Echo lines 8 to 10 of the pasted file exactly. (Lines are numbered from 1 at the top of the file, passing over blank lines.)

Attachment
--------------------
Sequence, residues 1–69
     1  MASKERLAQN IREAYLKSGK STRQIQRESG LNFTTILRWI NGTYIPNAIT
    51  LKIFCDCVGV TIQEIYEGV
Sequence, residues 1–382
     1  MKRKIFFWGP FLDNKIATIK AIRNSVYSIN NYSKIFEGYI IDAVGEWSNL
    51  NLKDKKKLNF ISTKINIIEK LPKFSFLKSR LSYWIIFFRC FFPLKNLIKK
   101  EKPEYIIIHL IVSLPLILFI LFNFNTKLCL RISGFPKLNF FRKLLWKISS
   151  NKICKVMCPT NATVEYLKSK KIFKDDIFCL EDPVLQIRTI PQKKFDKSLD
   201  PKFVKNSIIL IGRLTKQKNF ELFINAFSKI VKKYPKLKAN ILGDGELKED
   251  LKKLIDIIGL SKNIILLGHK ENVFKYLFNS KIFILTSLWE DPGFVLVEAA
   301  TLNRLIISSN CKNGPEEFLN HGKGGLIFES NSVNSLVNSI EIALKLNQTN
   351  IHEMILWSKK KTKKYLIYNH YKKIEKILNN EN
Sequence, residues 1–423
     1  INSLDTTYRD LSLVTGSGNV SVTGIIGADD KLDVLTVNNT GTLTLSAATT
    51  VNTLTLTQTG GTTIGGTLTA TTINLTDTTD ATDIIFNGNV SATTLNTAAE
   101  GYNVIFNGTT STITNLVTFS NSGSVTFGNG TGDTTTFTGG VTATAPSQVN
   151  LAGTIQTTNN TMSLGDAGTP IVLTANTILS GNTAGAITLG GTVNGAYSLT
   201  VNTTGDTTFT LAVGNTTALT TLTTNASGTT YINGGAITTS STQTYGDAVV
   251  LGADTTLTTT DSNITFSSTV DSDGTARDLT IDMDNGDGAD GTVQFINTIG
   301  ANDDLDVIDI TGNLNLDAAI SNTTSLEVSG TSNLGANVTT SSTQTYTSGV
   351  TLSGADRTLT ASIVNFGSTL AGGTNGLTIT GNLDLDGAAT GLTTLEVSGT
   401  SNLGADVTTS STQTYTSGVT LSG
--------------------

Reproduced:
   151  NKICKVMCPT NATVEYLKSK KIFKDDIFCL EDPVLQIRTI PQKKFDKSLD
   201  PKFVKNSIIL IGRLTKQKNF ELFINAFSKI VKKYPKLKAN ILGDGELKED
   251  LKKLIDIIGL SKNIILLGHK ENVFKYLFNS KIFILTSLWE DPGFVLVEAA